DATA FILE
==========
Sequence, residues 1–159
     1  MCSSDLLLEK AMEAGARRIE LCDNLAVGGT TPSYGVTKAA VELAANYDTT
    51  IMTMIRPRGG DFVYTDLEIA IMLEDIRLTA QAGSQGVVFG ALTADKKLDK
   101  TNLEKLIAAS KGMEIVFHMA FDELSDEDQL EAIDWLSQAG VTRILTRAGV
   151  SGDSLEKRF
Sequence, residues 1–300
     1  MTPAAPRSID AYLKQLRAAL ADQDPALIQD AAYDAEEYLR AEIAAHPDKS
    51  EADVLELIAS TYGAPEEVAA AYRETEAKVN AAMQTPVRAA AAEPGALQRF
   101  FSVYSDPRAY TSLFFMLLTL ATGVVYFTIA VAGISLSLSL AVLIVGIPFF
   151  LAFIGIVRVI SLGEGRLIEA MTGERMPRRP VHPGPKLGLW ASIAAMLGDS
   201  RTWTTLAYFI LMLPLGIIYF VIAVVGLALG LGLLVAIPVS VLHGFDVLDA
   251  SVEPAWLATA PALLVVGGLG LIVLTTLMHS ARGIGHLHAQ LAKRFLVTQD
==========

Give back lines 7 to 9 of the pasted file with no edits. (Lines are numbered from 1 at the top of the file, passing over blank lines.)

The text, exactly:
     1  MTPAAPRSID AYLKQLRAAL ADQDPALIQD AAYDAEEYLR AEIAAHPDKS
    51  EADVLELIAS TYGAPEEVAA AYRETEAKVN AAMQTPVRAA AAEPGALQRF
   101  FSVYSDPRAY TSLFFMLLTL ATGVVYFTIA VAGISLSLSL AVLIVGIPFF